The Division of Neonatology at CHOP provides comprehensive care for critically ill newborns and infants in the Harriet and Ronald Lassin Newborn/Infant Intensive Care Unit (N/IICU) and through CHOP Newborn Care, our partnership with several area hospitals.
As a large and top-ranked pediatric hospital in the United States, The Children's Hospital of Philadelphia treats thousands of patients each year. Our large volume of patients allows us to do more than treat individual children; it also allows us to spot trends in patient care and conditions and respond appropriately.
The neonatology team has developed four programs in recent years to address specific concerns and issues dealing with certain illnesses. We also work collaboratively with a range of other programs and departments within the Hospital. Our multidisciplinary approach to patient care is focused on producing the best outcomes for patients and their families.
The Neonatal Airway Program at the Children's Hospital of Philadelphia is part of the Center for Pediatric Airway Disorders. It is devoted solely to evaluation, treatment and follow-up care of all inpatient neonates and infants with complex airway issues.
Housed within Children's Hospital's N/IICU, our program offers these infants seamless care, employing the newest and most innovative diagnostic and therapeutic modalities.
For more information about the program, conditions we treat, evaluation, treatment and research, see Neonatal Airway Program.
The Newborn and Infant Chronic Lung Disease Program at CHOP is among the first programs devoted solely to the treatment of infants with chronic lung disease. Housed within the CHOP N/IICU, our program offers infants with chronic lung disease seamless care from evaluation through treatment and long-term follow-up, employing the newest and most innovative diagnostic therapeutic modalities available.
Over the past few years, we have seen a steady increase in referrals for infants with chronic lung disease to the N/IICU. As a result, we have gained extensive experience and developed expertise in the comprehensive management of infants with chronic lung disease.
For more information about the program, evaluation, treatment and research, see Newborn and Infant Chronic Lung Disease Program.
The Neonatal Craniofacial Program at The Children’s Hospital of Philadelphia is a new joint program run by the Division of Plastic and Reconstructive Surgery and the Division of Neonatology. The program, housed within CHOP’s N/IICU, consists of a highly specialized team of pediatric plastic surgeons and neonatologists dedicated to the treatment and care of neonates with rare and complex craniofacial disorders and syndromes.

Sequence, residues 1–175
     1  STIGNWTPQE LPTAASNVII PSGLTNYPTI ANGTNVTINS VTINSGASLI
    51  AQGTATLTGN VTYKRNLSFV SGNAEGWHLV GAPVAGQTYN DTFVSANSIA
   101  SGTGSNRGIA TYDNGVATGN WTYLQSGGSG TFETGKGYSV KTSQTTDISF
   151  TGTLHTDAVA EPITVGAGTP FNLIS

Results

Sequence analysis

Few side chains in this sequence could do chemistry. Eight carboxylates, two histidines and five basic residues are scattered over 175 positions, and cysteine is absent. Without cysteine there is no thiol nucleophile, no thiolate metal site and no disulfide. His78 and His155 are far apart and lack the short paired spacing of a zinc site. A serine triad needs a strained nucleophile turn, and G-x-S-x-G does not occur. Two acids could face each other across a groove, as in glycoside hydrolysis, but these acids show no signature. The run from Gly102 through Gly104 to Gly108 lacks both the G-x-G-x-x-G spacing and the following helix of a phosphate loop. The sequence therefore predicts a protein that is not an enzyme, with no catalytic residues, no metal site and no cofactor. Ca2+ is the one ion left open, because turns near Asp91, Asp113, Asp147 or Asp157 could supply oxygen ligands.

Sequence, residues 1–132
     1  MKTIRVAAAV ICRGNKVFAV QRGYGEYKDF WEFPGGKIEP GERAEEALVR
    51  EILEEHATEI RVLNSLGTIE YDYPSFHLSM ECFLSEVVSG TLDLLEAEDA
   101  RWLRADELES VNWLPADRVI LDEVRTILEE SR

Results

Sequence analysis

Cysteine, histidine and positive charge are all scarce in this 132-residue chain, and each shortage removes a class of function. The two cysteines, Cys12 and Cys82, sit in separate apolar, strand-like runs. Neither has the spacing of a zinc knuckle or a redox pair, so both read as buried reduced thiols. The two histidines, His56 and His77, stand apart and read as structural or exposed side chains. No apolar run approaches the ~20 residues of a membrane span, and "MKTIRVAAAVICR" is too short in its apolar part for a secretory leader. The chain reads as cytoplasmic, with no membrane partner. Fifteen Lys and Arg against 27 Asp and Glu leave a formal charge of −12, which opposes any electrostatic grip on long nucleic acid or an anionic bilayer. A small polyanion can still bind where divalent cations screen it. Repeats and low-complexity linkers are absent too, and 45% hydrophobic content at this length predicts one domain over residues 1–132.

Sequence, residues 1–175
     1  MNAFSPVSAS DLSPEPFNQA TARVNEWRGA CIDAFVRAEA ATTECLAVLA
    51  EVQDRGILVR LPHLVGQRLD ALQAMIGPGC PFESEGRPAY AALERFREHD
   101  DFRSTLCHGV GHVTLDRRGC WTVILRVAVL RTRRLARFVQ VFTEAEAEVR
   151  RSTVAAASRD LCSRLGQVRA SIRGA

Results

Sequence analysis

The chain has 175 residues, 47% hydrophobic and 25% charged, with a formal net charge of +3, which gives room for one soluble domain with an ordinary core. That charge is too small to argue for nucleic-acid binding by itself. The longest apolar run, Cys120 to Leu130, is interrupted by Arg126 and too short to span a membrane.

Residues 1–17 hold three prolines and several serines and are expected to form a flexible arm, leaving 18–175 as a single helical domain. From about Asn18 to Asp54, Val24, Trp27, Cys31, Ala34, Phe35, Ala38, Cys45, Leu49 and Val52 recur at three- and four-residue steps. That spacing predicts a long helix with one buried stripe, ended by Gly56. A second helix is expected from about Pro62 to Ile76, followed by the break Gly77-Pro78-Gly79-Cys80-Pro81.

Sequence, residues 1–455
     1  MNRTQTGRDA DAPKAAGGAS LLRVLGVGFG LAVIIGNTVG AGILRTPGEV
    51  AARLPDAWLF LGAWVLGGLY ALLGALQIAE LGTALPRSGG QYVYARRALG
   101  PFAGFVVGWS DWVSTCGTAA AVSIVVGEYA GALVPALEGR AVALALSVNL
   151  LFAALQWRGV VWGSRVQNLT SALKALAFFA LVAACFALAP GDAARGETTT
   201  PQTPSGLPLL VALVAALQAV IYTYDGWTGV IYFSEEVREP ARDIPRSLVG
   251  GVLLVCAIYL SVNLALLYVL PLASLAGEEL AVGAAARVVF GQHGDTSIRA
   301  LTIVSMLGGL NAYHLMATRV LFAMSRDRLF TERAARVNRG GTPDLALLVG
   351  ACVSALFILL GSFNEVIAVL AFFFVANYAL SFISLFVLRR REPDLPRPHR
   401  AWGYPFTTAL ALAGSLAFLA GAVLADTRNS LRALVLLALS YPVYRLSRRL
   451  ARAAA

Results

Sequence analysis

CHOP has long been a leader in the diagnosis, treatment and follow-up of infants, children and teens with a variety of congenital, genetic and acquired malformations of the head, face and jaw. Our Craniofacial Program is one of the largest single centers of its kind with more than 1,000 admissions per year — many for genetic syndromes with craniofacial deformations, micrognathia and tongue-based airway obstruction.
For more information about the program, conditions we treat, treatment and research, see the Neonatal Craniofacial Program.
The Neonatal Follow-up Program assesses the medical, nutritional, neurologic, developmental and psychosocial needs of the preterm and high-risk infant after discharge. Our specialized staff has extensive experience in addressing the ongoing needs of families caring for medically complex infants.
For details, see Neonatal Follow-up Program.
The Neonatal Stroke Program at the Children's Hospital of Philadelphia, part of the Pediatric Stroke Program, was established in 2005 as the first program of its kind in the United States. The program is dedicated to the evaluation, treatment and follow-up care of all neonates and infants with stroke or other cerebrovascular disorders.
For details, see Neonatal Stroke Program.
The neonatology team works closely with clinical specialists across the Hospital. Some common related programs and services include:
Date: May 2013